Life for women changed as time passed. In the 20’s many women were very wealthy and could afford technology that could get work at home done for them, leaving them with a lot of free time. Many visited entertainment facilities. After the crash, people had no money left to buy anything. Women now not only had to do work at home but also had to find a job, due to many distraught husbands leaving their families behind. They had almost no leisure time, but whenever they could find some it would still be spent at the theatre because people felt movies were their only escape from the harsh world.

The economy was undoubtedly not booming like it had been in the past decade. Before, average citizens could afford almost anything they wanted. In the 1930’s, business owners found themselves having to lay off their workers because they couldn’t afford to keep them. These people now had even less money than before. They couldn’t afford to buy any products from businesses anymore, so the companies had to fire even more employees. It became a vicious circle that just made things worse.

There was a great change in the role of government as the 1920’s transitioned into the 1930’s. Before the crash, stockbrokers gave investors loans, expecting payment when the stocks paid out dividends, which never happened. When everyone ran to the banks to ask for all of their money, the banks didn’t have it, and they were forced to close. President Hoover’s recommended that everyone work together to rectify the situation, but this had no effect. People suffering blamed Hoover, many sleeping in clusters of shacks called “Hoovervilles.” When FDR stepped in as president, his New Deal programs gave banks and stockbrokers the support they needed to get up and running again.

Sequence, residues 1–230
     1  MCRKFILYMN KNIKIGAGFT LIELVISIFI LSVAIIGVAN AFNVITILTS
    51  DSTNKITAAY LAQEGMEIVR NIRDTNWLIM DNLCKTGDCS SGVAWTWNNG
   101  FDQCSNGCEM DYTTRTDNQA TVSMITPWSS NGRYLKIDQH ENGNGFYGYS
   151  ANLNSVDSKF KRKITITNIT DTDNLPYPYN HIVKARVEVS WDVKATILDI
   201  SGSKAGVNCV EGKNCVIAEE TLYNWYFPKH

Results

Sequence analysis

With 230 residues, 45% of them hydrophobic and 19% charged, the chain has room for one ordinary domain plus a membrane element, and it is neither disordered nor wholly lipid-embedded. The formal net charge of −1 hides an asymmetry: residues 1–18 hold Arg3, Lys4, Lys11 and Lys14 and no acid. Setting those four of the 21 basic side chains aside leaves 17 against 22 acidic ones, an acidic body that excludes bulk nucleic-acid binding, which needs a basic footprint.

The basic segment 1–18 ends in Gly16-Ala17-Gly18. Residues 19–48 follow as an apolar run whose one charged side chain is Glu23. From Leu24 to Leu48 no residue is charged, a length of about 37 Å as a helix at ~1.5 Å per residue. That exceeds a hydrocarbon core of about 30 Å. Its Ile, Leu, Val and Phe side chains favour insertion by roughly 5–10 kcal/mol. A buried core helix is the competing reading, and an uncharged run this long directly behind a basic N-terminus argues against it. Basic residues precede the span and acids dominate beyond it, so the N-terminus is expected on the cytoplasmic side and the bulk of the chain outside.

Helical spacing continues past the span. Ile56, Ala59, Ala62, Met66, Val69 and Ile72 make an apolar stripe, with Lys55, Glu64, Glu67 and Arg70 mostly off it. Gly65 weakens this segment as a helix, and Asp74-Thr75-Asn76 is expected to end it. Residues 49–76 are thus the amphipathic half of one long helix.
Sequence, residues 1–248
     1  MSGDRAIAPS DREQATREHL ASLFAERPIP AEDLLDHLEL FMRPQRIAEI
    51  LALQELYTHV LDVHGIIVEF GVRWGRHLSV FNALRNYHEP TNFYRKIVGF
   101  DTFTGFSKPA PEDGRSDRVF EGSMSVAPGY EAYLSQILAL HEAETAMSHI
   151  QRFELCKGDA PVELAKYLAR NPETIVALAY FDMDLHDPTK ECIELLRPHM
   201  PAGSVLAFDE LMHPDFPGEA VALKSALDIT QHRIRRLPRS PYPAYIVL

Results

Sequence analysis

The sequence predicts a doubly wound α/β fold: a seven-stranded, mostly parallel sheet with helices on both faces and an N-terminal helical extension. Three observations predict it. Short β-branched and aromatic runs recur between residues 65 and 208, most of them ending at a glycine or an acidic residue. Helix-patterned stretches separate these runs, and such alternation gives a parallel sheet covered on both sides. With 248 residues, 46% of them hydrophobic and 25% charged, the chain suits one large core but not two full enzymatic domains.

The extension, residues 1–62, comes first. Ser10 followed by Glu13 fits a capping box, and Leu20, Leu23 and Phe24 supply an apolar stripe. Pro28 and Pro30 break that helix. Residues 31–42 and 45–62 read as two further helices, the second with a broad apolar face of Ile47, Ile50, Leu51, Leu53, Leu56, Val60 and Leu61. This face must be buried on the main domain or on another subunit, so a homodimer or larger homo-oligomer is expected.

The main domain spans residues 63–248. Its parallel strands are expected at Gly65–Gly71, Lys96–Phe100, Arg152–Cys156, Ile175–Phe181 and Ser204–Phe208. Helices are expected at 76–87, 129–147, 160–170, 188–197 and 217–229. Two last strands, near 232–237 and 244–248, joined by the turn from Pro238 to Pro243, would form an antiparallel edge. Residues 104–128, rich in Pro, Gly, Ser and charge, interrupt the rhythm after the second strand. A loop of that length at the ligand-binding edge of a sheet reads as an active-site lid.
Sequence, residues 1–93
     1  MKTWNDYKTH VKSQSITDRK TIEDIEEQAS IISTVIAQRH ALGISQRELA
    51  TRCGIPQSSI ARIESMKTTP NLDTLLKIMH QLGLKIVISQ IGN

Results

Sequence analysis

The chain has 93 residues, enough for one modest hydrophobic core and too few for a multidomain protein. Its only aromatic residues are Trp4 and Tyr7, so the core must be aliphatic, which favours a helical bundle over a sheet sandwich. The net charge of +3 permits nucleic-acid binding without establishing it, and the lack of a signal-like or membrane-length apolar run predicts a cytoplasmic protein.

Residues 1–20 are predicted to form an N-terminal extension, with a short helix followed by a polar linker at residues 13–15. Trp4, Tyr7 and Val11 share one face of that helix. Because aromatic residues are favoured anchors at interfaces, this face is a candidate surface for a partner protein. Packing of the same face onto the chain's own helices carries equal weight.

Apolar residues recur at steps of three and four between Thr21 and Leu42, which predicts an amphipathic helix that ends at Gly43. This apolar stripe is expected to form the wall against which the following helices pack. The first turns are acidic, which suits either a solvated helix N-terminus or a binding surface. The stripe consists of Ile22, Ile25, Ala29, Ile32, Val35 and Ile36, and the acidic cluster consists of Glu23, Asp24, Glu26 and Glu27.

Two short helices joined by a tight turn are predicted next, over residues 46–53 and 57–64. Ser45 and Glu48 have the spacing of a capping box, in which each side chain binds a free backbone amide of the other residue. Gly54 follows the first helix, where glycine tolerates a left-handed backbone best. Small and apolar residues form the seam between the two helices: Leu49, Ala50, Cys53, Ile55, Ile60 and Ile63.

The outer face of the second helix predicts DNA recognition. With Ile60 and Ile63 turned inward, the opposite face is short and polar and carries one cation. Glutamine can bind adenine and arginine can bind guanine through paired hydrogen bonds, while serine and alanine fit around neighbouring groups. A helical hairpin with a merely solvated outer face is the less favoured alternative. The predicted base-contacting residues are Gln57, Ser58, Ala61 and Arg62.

Even in the 20’s, a farmer's home life was definitely not luxurious. After the decline in agriculture proceeding WW1, most farmers became poor. They were able to live because they grew their own food. During the 30’s, the mechanical methods farmers used combined with a serious drought created a series of dust storms called the Dust Bowl. Farmland was destroyed and families were forced to abandon their homes, migrating westward. Unfortunately, they were not welcomed when they reached their destination and were told to return to their homeland.

Overall, the transition from the 1920’s into the 1930’s went from “boom to bust.” America went through a time that they would never forget that also helped them to prepare for something similar in the future.

Created By
Nicholas Paolella